Add the Plank Challenge to Your Self-Care Plan

A woman demonstrates the plank exercise.

Your self-care is an important part of your health and well-being. Going forward, adding planks to your self-care will reward your posture, health, and massage work.

Consider the consistent self-care you have; Things that have become habitual, such as doing bodywork and walking daily, should also be carried over to your 2023 self-care. If it works, don’t change it.

In addition to your good habits, include the board as a self-care piece. Perform this self-care to make your massager’s job easier, improve your posture, and avoid back pain. This sounds like a great value for money product, right?

[Participate in a plank challenge with The Fit MT. Beginning Jan. 1, visit thefitmt.com/plank-challenge-jan-2023 to participate in a free plank-challenge event hosted by Angela Lehman.]

What is plank?

Plank is a steady exercise in which you keep your body in a straight line with your toes and elbows on. It’s harder than it looks and is the key to better massage work. Rather, force The plank ensures that your core muscles are the key to a better massage.

It takes strength in multiple muscle groups to do the plank successfully. These muscle groups are the muscle groups a massage therapist needs.

The board uses core muscles that are directly related to lower back strength and flexibility as the client lifts their limbs and reaches for specific strokes on the massage table.

The board also uses the shoulder, pectoralis, and serratus anterior muscles. This deltoid, pectoralis and anterior serratus stabilize the scapula and shoulder girdle while holding the plank position. Just like when massaging a client’s back, scapula it must remain stationary, and the anterior deltoid and pectoralis muscles support the arm or arms that cause the descent.

The neck stays neutral while holding the board and reinforces the stance with a neutral head while massaging.

After holding the board for 60 seconds, all these muscles will become stronger. The strength in these muscles makes your movements around the massage table more fluid, providing smooth transitions and improving your posture.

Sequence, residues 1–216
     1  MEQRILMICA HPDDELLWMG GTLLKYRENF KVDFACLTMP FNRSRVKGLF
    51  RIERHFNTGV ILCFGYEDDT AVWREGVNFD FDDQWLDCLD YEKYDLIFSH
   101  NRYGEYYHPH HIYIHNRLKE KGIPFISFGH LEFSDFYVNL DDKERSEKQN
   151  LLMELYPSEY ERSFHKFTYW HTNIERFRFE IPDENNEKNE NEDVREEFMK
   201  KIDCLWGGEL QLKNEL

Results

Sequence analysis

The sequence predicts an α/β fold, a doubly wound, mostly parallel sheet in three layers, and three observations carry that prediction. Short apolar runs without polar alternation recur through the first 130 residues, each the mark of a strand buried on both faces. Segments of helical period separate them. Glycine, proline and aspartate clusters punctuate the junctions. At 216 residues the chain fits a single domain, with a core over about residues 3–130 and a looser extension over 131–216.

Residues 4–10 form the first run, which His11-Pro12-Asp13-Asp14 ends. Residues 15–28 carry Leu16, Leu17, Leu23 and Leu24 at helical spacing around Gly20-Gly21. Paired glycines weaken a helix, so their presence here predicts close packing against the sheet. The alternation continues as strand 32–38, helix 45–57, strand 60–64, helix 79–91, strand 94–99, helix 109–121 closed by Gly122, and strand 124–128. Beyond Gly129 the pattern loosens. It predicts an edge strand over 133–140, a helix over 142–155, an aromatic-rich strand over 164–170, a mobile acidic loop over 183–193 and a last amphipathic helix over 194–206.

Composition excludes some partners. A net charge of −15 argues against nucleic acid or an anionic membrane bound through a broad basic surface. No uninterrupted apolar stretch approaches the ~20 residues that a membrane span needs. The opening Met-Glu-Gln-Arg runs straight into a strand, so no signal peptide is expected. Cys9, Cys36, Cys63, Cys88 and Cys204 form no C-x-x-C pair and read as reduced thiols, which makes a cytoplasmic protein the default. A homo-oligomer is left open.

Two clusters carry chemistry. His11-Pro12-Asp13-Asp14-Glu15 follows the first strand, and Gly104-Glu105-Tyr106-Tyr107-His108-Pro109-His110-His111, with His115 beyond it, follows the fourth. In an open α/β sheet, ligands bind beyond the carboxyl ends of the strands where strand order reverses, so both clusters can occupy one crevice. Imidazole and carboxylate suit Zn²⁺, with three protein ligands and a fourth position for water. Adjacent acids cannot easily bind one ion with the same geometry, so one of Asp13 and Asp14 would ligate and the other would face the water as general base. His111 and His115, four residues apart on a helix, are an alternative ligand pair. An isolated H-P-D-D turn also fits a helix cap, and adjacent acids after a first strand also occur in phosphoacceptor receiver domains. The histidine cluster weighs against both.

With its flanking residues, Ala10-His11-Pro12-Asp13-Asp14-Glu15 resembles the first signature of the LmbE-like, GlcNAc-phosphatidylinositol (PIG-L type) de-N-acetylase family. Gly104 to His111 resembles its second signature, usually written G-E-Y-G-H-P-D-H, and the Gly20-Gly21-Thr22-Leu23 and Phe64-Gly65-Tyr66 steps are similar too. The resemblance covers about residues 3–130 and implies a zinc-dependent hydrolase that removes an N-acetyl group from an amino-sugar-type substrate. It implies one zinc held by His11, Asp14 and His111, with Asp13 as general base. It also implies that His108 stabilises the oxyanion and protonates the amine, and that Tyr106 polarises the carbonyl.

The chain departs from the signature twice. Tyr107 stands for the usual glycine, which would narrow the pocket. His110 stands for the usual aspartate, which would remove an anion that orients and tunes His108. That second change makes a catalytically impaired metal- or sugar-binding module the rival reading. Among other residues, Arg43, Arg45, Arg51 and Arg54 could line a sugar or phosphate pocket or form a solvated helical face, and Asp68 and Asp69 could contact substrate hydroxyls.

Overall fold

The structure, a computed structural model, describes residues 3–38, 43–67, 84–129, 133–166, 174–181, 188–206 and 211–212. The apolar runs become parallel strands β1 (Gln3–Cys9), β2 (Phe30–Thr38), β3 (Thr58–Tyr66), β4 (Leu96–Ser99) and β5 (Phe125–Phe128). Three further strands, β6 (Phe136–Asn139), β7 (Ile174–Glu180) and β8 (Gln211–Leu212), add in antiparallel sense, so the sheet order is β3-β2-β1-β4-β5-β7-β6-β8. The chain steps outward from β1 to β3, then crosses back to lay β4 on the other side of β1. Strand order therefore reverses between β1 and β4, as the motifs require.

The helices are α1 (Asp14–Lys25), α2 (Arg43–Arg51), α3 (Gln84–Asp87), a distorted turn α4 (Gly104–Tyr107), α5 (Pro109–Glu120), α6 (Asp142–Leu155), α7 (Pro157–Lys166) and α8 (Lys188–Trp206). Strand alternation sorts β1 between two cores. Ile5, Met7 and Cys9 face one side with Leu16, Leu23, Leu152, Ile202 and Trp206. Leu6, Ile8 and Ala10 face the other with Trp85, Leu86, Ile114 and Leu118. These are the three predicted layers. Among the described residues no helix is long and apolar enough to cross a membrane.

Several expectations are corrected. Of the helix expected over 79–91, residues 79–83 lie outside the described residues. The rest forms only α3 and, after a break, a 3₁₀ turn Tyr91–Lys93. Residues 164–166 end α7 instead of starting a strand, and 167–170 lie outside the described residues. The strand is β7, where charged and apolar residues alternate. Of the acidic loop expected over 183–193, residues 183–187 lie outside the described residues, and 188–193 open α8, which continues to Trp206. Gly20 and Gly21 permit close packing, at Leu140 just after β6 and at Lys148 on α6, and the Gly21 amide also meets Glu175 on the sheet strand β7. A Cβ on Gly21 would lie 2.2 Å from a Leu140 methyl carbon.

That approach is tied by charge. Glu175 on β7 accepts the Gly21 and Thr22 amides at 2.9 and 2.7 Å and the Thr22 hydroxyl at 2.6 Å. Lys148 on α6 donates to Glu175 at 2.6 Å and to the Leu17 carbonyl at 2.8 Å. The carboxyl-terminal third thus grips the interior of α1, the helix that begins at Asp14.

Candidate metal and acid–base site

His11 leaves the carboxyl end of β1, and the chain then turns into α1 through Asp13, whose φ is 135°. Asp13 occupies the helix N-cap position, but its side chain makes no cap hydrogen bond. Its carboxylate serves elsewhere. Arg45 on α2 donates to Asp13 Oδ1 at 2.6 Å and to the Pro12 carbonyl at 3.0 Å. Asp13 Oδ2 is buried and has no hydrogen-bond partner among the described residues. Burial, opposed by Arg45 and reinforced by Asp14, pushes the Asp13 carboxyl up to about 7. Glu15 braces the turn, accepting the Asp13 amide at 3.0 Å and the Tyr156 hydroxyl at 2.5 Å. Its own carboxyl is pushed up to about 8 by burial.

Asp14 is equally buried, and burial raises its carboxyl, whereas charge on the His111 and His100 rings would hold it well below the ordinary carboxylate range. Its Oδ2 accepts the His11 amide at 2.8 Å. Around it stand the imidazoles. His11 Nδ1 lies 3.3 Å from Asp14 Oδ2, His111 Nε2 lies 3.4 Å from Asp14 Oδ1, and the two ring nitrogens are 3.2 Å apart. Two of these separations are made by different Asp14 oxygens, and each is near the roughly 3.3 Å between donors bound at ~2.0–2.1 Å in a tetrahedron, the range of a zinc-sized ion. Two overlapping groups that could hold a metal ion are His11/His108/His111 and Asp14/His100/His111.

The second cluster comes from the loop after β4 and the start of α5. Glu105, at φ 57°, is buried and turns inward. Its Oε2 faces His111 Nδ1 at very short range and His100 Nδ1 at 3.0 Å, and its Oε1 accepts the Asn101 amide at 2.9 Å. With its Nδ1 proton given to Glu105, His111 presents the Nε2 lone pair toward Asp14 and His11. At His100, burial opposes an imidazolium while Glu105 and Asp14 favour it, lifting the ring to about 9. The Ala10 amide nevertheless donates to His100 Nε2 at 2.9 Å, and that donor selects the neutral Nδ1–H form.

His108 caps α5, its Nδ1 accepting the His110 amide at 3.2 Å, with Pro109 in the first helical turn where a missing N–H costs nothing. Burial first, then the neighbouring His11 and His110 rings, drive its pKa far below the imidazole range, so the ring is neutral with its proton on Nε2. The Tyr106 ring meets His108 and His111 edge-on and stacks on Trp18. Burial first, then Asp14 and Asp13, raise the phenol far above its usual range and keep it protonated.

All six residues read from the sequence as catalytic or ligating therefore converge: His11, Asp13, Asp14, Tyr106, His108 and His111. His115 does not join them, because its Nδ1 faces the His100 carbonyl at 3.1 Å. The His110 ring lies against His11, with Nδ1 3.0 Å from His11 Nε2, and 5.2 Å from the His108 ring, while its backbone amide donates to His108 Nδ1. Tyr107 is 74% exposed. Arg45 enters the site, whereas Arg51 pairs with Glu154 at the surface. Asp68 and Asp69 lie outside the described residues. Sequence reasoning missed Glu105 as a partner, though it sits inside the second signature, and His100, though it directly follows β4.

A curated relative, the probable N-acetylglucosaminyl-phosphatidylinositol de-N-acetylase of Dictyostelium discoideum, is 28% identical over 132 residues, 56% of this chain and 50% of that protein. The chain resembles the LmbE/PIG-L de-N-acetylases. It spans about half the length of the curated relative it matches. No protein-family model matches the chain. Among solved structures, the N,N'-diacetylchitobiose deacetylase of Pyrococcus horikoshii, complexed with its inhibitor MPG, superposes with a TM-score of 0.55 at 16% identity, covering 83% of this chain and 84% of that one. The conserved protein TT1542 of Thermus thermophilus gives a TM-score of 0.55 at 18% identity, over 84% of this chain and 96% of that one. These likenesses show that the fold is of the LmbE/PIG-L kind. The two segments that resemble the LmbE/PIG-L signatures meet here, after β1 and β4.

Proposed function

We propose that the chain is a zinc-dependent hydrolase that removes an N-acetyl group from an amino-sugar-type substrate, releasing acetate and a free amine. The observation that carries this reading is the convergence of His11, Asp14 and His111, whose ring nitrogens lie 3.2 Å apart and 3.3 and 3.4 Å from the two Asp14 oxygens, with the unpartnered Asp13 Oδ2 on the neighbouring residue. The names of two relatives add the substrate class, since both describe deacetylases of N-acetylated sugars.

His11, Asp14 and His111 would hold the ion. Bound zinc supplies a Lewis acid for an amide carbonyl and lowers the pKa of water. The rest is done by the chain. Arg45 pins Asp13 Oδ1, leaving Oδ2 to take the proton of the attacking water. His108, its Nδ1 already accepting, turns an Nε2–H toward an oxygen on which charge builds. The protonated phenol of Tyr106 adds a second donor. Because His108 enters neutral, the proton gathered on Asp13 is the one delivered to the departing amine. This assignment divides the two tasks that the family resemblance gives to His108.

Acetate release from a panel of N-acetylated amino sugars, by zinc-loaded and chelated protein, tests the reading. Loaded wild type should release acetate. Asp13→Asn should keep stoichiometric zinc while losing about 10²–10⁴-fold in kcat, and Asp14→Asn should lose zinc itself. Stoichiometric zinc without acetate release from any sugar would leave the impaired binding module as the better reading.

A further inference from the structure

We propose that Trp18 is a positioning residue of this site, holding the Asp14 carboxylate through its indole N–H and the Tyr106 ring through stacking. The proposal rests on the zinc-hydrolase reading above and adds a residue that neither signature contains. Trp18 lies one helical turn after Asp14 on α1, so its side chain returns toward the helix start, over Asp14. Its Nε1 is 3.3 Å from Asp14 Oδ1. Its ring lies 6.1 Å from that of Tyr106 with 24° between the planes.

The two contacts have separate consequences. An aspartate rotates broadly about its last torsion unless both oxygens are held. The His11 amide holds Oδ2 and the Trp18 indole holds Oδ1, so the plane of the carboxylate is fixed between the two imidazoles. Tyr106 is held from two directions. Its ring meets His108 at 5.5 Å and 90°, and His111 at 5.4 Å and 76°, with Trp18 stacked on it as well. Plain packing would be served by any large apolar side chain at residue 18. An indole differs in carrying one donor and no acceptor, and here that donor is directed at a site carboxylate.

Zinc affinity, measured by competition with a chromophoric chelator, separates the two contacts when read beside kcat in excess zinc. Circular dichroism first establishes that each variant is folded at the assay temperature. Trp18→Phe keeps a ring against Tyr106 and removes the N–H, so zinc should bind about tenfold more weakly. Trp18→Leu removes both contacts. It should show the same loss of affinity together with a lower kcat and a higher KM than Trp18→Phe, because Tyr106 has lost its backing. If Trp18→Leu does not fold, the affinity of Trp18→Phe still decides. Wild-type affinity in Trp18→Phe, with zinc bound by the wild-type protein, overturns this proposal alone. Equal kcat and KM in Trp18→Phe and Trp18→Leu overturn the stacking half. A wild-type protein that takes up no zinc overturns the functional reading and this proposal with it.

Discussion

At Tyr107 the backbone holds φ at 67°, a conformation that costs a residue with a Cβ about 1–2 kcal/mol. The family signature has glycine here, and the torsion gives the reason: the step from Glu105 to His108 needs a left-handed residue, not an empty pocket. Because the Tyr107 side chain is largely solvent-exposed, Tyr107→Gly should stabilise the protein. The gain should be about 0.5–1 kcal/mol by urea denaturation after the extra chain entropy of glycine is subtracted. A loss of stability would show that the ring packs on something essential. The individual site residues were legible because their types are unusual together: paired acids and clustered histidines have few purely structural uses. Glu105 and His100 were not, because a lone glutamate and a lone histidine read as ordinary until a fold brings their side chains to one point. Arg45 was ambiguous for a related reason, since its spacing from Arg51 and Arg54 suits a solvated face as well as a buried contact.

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I hope you have enjoyed the excellent benefits of the board for massage therapists. Next, let’s look at how to make the plank.

Board Challenge

The traditional plank is done on the toes and forearms. Start in a push-up position and lower your forearms so that your palms face each other in a closed fist and your elbows are directly under your shoulders.

Your body should be in a straight line from the toes to the crown of the head. Make sure your hips don’t sag (which happens when you’re tired) or rise above the imaginary line.

Start with the goal of holding this plank position for 20 seconds. Increase the amount of time you hold until you can hold it for one minute.

If you can repeat one minute of plank two to three times, you’re strong enough to do a great massage.

Many Plank Variations

For such a simple exercise, there are many variations that make the exercise more fun.

We’ve already mentioned the basic forearm board, which is the perfect place to start. While I love the baseboard, I advocate for massage therapists to do it on the fingers and toes (push up position), and here’s why.

Massage therapists need to stretch their hands and forearms and strengthen their wrists. Holding the board in your hand accomplishes both of these.

• Plank up/down

This plank starts on the hands and toes. The down phase begins by lowering one arm on the forearm and then the other arm. Return one arm at a time. Each time you “up”, count one rep.